The weather in 2019 highlighted the extreme conditions that can exist within the state of Texas.
And yet despite that, water use across the Brazos River basin was simply average.
“Last year, we really had two different extremes,” said BRA Water Services Manager Aaron Abel. “The first half of the year was very wet, and the second half was very dry. And yet, the total averaged out was a very average year. Our use was pretty consistent with our use over the last several years.”
Each year Brazos River Authority staff compiles data from the calendar year highlighting how much water is used, by whom, where, and more.
The graphic is a comprehensive representation of water supply use by BRA long and short-term users. The document also presents an easy to understand graphic representation of the water supply within each reservoir, including inflows, water supply use, environmental releases, and representation of the amount of water lost to evaporation for the 2019 calendar year.
The document shows the factors that contributed to the loss or gain of water for each of the 11 reservoirs comprising the BRA System, which is scattered across the 42,000-square-mile river basin. Three of the man-made reservoirs were built, and are owned and operated, by the BRA: Possum Kingdom Lake, Lake Granbury and Lake Limestone. The other eight are owned and operated by the U.S. Army Corps of Engineers: lakes Proctor, Whitney, Aquilla, Belton, Stillhouse Hollow, Georgetown, Granger, and Somerville. The BRA contracts with the federal government to store water supply in these eight flood-control reservoirs for the beneficial use of municipal, industrial, agricultural and mining interests within the Brazos River basin. BRA also holds water rights to use the water supply in each of the 11 reservoirs within the BRA System.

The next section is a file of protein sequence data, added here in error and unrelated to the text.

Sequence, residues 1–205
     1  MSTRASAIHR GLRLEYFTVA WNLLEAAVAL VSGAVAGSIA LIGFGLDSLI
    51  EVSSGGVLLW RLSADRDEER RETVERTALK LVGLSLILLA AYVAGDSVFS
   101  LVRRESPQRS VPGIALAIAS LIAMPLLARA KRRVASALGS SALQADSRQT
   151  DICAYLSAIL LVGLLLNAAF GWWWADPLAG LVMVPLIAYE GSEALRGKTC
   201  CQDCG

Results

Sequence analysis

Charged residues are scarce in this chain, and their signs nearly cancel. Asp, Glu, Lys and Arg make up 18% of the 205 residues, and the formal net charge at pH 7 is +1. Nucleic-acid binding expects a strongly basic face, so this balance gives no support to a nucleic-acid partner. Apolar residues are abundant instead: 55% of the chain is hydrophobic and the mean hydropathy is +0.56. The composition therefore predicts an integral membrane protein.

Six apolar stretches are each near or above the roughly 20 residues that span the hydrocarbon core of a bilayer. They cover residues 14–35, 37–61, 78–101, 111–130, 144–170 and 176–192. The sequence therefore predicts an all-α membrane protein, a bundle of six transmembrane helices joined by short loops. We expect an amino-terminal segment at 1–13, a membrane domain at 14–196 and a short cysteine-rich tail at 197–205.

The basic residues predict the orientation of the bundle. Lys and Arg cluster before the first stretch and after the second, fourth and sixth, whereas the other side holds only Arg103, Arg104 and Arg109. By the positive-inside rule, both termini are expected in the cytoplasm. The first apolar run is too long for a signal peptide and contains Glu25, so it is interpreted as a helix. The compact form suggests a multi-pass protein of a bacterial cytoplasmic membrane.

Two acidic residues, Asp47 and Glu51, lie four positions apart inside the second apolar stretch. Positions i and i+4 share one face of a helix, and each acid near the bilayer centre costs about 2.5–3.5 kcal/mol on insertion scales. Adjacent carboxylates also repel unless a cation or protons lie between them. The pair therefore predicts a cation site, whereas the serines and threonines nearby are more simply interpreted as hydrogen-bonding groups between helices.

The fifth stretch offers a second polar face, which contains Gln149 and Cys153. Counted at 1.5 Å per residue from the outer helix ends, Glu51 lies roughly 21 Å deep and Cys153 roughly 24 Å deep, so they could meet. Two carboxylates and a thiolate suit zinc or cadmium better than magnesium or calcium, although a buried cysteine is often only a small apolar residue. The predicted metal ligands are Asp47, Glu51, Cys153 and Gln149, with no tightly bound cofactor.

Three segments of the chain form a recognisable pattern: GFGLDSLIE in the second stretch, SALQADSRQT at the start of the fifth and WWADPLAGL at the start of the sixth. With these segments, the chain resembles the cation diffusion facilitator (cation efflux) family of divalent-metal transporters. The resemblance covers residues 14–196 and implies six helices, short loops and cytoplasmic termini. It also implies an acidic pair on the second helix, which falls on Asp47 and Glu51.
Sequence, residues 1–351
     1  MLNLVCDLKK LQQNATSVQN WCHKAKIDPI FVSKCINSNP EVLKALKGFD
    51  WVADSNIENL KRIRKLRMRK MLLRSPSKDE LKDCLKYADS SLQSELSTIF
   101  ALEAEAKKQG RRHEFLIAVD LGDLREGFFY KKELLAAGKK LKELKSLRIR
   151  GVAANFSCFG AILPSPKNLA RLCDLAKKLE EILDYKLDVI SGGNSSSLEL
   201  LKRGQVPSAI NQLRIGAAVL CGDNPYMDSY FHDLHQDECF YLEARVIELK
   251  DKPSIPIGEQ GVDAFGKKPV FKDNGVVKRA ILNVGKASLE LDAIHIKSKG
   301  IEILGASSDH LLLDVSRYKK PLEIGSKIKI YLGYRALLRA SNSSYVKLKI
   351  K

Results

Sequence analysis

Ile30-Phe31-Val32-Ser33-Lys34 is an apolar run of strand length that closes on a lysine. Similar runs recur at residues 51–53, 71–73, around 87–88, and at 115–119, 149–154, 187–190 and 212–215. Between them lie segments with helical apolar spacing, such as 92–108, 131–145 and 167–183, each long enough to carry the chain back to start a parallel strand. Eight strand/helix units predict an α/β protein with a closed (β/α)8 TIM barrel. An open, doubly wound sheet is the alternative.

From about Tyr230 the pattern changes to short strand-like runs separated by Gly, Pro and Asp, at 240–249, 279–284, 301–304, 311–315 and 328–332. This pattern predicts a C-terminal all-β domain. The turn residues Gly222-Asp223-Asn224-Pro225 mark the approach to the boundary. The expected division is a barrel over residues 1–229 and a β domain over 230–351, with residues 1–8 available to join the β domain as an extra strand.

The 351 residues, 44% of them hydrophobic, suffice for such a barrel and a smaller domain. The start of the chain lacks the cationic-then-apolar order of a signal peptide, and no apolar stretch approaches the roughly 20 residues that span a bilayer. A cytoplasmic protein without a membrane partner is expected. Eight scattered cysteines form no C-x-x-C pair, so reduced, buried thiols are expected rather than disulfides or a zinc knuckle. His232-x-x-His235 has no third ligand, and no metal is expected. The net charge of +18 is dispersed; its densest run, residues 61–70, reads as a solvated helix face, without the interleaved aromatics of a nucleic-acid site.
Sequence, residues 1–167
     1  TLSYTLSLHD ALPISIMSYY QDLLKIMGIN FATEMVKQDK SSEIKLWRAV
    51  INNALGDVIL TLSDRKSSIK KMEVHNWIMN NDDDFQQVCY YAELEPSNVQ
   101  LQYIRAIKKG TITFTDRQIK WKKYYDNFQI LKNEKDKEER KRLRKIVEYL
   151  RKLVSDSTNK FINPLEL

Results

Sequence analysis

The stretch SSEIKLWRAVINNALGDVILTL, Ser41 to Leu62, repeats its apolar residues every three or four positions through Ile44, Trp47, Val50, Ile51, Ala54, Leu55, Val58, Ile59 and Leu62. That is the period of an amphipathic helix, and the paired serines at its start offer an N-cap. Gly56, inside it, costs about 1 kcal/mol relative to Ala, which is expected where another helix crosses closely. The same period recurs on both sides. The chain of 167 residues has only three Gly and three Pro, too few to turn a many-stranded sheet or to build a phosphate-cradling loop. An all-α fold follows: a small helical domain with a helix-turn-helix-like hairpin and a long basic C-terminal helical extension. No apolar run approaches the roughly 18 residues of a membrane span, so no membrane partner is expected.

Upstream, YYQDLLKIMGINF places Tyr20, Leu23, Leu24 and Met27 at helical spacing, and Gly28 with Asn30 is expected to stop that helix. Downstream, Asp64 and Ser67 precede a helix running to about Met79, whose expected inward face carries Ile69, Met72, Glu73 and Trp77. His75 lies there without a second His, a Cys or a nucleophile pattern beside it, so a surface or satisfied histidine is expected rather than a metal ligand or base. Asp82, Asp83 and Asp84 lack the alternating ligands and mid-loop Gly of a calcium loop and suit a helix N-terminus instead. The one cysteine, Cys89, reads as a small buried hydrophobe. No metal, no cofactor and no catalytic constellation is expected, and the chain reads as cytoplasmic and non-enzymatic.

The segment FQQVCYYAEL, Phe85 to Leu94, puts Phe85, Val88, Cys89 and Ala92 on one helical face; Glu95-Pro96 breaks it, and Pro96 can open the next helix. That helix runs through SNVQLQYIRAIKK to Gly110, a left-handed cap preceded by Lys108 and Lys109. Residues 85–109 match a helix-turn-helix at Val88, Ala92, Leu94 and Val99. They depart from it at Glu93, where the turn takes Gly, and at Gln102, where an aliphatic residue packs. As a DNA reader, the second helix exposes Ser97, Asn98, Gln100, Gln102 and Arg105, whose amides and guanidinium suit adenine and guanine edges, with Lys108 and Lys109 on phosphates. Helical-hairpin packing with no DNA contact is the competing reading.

In 2019, the total water use in the BRA System was 264,454 acre-feet. An acre-foot is the amount of water needed to cover one acre (43,560 square feet) with one foot of water. One acre-foot is equal to 325,851 gallons of water.
Also in 2019, roughly 47% of the water use was for municipal purposes, while 46% went to industrial uses, 5% was used for irrigation and 2% was for mining.
More than 458,000 acre-feet of water was lost to evaporation in 2019.
Abel said if the Brazos River basin hadn’t received the rain and associated runoff early in the year, water usage would have been much higher. If the year had seen a dry spring, the reservoirs would have had to make more downstream water supply releases for customers and water holders.
“Fortunately, last year we had the wet first half of the year that provided increased streamflow, before we entered into drought conditions,” he said.
For more information and to view past year’s reservoir accounting summaries, go here.